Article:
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Open AccessArticle

Inferring Human Activity in Mobile Devices by Computing Multiple Contexts

1
Conrad Blucher Institute for Surveying & Science, Texas A&M University Corpus Christi, Corpus Christi, TX 78412-5868, USA
2
School of Environment Science and Spatial Informatics, China University of Mining and Technology, Xuzhou 221116, China
3
Department of Remote Sensing and Photogrammetry, Finnish Geospatial Research Institute, National Land Survey of Finland, Masala 02431, Finland
*
Author to whom correspondence should be addressed.
Academic Editor: Andrea Sanna
Sensors 2015, 15(9), 21219-21238; https://doi.org/10.3390/s150921219
Received: 8 July 2015 / Revised: 31 July 2015 / Accepted: 25 August 2015 / Published: 28 August 2015
(This article belongs to the Section Remote Sensors)
This paper introduces a framework for inferring human activities in mobile devices by computing spatial contexts, temporal contexts, spatiotemporal contexts, and user contexts. A spatial context is a significant location that is defined as a geofence, which can be a node associated with a circle, or a polygon; a temporal context contains time-related information that can be e.g., a local time tag, a time difference between geographical locations, or a timespan; a spatiotemporal context is defined as a dwelling length at a particular spatial context; and a user context includes user-related information that can be the user’s mobility contexts, environmental contexts, psychological contexts or social contexts. Using the measurements of the built-in sensors and radio signals in mobile devices, we can snapshot a contextual tuple for every second including aforementioned contexts. Giving a contextual tuple, the framework evaluates the posteriori probability of each candidate activity in real-time using a Naïve Bayes classifier. A large dataset containing 710,436 contextual tuples has been recorded for one week from an experiment carried out at Texas A&M University Corpus Christi with three participants. The test results demonstrate that the multi-context solution significantly outperforms the spatial-context-only solution. A classification accuracy of 61.7% is achieved for the spatial-context-only solution, while 88.8% is achieved for the multi-context solution. View Full-Text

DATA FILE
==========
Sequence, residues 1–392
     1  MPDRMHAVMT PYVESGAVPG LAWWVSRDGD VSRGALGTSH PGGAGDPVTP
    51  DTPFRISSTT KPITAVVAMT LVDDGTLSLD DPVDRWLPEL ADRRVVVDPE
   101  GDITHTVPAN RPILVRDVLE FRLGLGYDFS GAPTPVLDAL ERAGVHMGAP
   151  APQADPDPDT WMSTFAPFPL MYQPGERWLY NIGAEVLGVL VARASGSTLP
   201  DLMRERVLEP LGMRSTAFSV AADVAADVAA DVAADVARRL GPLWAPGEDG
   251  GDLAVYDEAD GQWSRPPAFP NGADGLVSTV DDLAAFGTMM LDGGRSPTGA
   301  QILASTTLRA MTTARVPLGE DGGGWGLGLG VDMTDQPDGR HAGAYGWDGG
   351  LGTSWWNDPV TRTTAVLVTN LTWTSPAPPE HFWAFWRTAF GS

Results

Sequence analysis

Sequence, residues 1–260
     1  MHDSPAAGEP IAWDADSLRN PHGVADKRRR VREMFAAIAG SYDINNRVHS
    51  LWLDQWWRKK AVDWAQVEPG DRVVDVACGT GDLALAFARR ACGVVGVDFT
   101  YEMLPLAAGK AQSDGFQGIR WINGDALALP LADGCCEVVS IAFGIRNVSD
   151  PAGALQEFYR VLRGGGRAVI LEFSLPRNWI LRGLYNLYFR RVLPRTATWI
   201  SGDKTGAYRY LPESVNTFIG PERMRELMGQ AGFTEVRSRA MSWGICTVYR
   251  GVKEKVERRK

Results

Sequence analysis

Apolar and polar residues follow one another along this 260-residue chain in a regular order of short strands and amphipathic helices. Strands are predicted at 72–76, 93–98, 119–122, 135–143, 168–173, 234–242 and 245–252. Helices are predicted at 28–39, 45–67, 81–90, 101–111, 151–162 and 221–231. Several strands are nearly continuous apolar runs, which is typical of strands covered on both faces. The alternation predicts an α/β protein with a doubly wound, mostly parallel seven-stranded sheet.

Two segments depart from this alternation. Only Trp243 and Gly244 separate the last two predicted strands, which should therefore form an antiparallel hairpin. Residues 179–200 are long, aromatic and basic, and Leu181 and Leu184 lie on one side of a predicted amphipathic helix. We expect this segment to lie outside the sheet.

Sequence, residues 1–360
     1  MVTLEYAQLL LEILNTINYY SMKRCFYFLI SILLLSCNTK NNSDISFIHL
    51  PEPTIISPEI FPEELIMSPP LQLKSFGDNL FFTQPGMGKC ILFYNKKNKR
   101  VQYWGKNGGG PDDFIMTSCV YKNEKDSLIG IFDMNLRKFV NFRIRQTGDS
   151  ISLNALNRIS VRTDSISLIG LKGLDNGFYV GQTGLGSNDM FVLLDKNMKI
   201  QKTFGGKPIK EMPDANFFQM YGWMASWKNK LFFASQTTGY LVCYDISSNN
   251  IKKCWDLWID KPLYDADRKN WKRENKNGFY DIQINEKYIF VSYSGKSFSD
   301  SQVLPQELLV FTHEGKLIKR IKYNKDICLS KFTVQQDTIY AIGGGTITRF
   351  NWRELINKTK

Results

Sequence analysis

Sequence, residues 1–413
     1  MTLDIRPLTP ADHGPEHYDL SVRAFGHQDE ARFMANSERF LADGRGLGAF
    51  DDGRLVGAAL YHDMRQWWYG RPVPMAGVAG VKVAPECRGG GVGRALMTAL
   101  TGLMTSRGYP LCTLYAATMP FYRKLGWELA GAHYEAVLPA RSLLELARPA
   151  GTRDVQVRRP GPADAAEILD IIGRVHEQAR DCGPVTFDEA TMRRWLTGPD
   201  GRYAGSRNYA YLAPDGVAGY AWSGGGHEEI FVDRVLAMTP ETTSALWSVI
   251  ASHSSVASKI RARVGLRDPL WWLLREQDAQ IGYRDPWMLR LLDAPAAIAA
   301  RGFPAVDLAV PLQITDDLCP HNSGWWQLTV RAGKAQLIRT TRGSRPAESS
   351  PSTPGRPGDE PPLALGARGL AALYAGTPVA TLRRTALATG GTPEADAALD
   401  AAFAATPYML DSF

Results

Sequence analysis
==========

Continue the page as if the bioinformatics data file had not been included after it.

Keywords: human activity recognition; mobile context computation; location awareness; smartphone positioning human activity recognition; mobile context computation; location awareness; smartphone positioning
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MDPI and ACS Style

Chen, R.; Chu, T.; Liu, K.; Liu, J.; Chen, Y. Inferring Human Activity in Mobile Devices by Computing Multiple Contexts. Sensors 2015, 15, 21219-21238. https://doi.org/10.3390/s150921219

AMA Style

Chen R, Chu T, Liu K, Liu J, Chen Y. Inferring Human Activity in Mobile Devices by Computing Multiple Contexts. Sensors. 2015; 15(9):21219-21238. https://doi.org/10.3390/s150921219

Chicago/Turabian Style

Chen, Ruizhi; Chu, Tianxing; Liu, Keqiang; Liu, Jingbin; Chen, Yuwei. 2015. "Inferring Human Activity in Mobile Devices by Computing Multiple Contexts" Sensors 15, no. 9: 21219-21238. https://doi.org/10.3390/s150921219

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